Have you ever been told that you are responsible for “making someone upset” because you said “no” to a request of theirs? This assertion is common practice in abusive relationships.
Your partner wants you to do something that you are not in agreement with… This is part of life. People make requests, some of which you comply with and others you resist.
In respectful relationships in which there is mutual honor for the integrity of each party, a “no” is met with acceptance. In relationships characterized by abusive control, “no” is challenged and becomes a quest to convert into a “yes.”
Moreover, the wear and tear endured to seek the “yes” becomes the “fault” of the resisting party. Objectively, we all know this is ridiculous. However, when you live in an abusive controlling relationship, this is policy.
Emotional Mental Abuse of Saying No in Abusive Relationships
That one little word “no” is known to bring extreme conflict for couples in abusive relationships. For those seeking to say “no” and feeling they “can’t,” there is great internal and external stress.
You know you will be in battle until you give in or until the tug-of-war rolls into some other dispute. Oftentimes, you find yourself in the cascading fight not remembering its origin. And only later, you recall the heated debate stemmed from your little “no” earlier on.
Your internal stress can be subtle relative to the outward strain, or simply more private and personally significant. You vacillate between holding your own for all the reasons your original “no” was established and giving in merely to abort the outward battle. There is no real win in this dilemma because the ultimate basis for relationship satisfaction is missing.
Responsibility and Accountability in an Abusive Relationship
The other component underlying much of this conflict is the thwarting off of responsibility by one party onto the other. The controlling party will want his/her victim to believe she/he is responsible for any distress they may feel within and around their interactions.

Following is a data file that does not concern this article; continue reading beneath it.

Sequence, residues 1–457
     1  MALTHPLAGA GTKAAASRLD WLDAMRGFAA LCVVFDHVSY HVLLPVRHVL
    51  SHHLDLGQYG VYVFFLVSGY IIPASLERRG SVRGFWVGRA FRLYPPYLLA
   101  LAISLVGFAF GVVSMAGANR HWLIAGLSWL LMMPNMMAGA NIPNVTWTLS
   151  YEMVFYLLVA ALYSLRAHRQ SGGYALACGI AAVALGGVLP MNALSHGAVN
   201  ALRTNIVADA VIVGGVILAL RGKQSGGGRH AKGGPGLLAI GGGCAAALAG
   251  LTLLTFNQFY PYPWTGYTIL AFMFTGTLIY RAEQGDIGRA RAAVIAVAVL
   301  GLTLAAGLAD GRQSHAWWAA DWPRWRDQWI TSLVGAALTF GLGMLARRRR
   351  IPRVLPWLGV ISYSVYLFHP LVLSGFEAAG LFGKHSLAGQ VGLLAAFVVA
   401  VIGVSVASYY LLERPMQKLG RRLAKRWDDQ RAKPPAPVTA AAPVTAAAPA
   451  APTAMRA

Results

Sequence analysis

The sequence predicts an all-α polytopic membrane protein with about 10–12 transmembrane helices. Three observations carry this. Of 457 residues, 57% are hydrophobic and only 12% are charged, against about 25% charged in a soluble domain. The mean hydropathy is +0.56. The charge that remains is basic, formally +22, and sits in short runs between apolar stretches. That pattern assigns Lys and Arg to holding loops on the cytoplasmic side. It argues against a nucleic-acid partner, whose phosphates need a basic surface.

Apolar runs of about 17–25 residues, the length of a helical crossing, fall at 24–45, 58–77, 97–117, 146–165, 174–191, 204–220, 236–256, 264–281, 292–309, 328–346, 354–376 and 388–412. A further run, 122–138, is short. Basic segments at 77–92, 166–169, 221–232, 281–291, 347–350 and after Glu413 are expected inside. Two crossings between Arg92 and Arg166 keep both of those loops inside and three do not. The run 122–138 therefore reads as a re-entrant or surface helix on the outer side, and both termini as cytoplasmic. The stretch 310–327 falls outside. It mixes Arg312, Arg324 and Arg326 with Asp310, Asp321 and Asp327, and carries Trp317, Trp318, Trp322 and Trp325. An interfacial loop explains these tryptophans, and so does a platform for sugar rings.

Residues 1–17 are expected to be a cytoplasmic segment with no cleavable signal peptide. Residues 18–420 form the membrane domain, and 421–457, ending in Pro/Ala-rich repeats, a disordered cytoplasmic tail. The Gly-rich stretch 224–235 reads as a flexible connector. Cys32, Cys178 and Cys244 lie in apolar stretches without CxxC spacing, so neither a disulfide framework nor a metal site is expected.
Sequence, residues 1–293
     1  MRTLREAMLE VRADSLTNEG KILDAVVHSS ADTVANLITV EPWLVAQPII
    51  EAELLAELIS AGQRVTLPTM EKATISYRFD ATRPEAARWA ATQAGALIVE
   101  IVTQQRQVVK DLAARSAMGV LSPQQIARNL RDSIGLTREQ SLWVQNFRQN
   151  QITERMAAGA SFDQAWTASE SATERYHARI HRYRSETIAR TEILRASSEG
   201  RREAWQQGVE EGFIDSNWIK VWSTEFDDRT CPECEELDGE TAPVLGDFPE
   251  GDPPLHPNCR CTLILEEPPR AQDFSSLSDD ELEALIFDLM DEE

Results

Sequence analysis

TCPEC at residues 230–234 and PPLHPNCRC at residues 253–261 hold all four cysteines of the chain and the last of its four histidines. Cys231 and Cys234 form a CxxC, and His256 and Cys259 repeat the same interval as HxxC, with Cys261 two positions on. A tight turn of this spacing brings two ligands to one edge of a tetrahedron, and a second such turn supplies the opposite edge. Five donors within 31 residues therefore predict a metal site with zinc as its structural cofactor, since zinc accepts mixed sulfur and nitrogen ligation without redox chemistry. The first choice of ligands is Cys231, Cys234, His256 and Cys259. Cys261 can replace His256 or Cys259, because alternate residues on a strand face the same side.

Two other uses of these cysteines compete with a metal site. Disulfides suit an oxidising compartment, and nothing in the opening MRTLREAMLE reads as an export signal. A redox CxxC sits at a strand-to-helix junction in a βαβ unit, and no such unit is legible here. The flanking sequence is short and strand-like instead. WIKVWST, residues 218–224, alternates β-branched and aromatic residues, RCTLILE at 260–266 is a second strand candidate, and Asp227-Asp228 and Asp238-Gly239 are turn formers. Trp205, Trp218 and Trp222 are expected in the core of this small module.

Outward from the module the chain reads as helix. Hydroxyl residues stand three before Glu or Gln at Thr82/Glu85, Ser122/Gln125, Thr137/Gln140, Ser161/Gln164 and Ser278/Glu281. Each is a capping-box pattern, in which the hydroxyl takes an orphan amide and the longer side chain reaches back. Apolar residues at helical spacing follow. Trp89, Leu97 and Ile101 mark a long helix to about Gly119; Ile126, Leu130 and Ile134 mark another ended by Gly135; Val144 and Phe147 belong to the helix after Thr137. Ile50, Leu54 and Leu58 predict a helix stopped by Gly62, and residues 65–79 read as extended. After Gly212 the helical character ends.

They will insist that you are responsible for their stress over your resistance…as though you are accountable for their inability to accept you as you are. A key element that sustains these dynamics is the victim’s willingness to assume this responsibility. Your accountability for your partner’s experience keeps the abusive controlling dynamics in place.
As you release ownership of their thoughts, feelings and behavior, you empower yourself. You step out from under their control, release the burden of responsibility back onto them and are able to fully own what is yours…and yours only.
If you are in an intimate relationship in which saying “no” comes with a high price of conflict and cascading distress, take a look at the core control dynamics of abusive relationships. For information on breaking the cycle of domestic abuse, visit http://www.enddomesticabuse.org/spousal_abuse_tx.php.
Dr. Jeanne King, Ph.D. helps individuals and couples worldwide recognize, end and heal from domestic abuse.
© Dr Jeanne King — Domestic Violence Prevention and Intervention